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Vice Chancellor's Visit

last modified Dec 21, 2017 12:39 PM
Vice Chancellor's Visit

Prof John Dennis and Prof Stephen Toope (click on image for larger version)

The Vice Chancellor, Prof Stephen Toope, visited the department on Friday 15 December 2017.

He was met by Head of Department Prof John Dennis and Deputy Head (Research) Prof Lisa Hall, then shown around the laboratories and given mini presentations of some of our exciting multi-disciplinary research projects.

Prof Stephen Toope became the 346th Vice-Chancellor of the University of Cambridge in October 2017, succeeding Professor Sir Leszek Borysiewicz.

He said of the visit, "It's been fascinating to see the breadth of multidisciplinary research that is happening in the Department of Chemical Engineering & Biotechnology – I look forward to seeing more world-changing discoveries and innovations from the department in the future."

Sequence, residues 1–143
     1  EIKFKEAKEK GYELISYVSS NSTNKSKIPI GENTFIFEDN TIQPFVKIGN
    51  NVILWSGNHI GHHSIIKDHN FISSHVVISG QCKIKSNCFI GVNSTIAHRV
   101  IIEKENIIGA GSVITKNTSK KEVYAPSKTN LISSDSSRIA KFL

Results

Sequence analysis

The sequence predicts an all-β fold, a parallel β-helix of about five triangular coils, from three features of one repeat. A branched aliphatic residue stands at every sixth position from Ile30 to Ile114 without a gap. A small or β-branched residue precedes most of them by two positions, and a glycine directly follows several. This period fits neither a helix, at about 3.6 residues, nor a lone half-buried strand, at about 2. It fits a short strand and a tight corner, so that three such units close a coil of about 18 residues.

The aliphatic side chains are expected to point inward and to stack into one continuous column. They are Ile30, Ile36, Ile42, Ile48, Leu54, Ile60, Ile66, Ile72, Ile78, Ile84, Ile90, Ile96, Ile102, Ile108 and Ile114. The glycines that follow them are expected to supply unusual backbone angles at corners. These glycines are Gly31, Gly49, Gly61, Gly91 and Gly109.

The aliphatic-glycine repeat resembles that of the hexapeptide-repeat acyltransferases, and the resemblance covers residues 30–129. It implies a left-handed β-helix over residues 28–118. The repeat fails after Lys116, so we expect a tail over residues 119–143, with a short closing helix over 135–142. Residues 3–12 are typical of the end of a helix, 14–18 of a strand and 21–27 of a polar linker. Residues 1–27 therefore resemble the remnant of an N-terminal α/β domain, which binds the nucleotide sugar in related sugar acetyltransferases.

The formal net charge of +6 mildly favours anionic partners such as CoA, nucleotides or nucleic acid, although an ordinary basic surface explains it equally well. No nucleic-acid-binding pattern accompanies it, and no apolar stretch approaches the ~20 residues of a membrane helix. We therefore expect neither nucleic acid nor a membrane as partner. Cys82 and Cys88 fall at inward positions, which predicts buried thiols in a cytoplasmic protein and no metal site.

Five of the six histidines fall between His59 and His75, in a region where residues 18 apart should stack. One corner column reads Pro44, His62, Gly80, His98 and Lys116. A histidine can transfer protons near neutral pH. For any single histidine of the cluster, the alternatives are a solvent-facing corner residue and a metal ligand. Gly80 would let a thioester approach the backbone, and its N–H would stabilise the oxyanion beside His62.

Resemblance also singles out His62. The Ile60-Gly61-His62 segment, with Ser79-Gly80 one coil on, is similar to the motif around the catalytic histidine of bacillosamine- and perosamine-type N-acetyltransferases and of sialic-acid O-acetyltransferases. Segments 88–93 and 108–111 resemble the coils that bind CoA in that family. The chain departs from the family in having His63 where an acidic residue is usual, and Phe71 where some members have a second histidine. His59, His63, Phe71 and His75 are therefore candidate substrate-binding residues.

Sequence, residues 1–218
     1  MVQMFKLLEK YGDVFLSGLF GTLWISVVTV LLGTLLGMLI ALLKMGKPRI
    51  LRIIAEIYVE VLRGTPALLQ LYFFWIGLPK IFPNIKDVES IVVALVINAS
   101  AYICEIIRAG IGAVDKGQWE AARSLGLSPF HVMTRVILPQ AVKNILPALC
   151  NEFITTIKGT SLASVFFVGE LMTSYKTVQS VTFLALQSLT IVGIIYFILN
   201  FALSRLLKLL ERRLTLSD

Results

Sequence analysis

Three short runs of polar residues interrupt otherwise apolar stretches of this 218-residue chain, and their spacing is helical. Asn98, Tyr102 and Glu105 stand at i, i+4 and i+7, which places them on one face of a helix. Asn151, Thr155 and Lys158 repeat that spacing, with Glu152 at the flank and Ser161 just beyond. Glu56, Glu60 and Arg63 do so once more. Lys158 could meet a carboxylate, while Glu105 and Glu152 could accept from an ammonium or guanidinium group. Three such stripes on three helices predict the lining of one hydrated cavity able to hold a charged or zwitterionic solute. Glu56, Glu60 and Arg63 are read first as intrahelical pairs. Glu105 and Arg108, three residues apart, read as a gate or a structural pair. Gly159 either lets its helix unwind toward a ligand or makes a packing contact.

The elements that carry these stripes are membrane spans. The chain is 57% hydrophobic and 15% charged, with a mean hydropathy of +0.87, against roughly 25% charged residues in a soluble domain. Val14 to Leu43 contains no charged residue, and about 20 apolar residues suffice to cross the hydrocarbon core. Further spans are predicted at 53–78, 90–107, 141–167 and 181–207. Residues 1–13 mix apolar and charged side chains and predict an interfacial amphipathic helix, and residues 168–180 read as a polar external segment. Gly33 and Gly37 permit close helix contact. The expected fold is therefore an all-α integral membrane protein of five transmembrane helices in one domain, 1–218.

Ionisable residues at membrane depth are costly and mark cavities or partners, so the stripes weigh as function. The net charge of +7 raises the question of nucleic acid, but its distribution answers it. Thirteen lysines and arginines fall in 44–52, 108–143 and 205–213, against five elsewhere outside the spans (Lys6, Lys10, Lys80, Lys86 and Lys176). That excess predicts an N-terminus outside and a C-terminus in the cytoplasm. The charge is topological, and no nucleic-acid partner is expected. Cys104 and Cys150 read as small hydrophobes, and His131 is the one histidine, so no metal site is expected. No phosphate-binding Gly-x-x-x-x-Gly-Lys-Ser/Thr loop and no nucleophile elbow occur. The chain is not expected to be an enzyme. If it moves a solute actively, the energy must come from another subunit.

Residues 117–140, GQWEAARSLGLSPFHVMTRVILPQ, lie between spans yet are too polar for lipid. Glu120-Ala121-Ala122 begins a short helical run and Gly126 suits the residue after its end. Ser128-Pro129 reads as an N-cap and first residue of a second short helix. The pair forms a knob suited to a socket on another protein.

Antonina Kerbs from the BioNano Engineering group talked to the Vice Chancellor about their collaboration project with Addenbrooke's. She showed him a solution of functionalised gold nanoparticles (which she had synthesised) and described how the surface-localised hyperthermia of gold nanoparticles can be used to enable mild thawing of cryopreserved cells.

Martin Chan (centre), from the Combustion Group, demonstrated a lab scale model of a fluidised bed, to show the phenomenon of fluidisation and how bubbles can form and behave. Matthias Schnellmann (right) then talked about their application in Carbon Capture and Storage (CCS) technologies such as Chemical Looping Combustion.

Sam Aworinde, a final year PhD student in the Sustainable Reaction Engineering group, talked about his collaborative research with ExxonMobil and showed the experimental unit for his work, which concerns the selective oxidation of low-cost and low-value light alkanes into more commercially valuable petrochemicals such as alcohols and ketones. Sam discussed how the new concept investigated in his research has resulted in much improved selectivity to alcohols over conventional processes, and the patent being filed for the process through Cambridge Enterprise.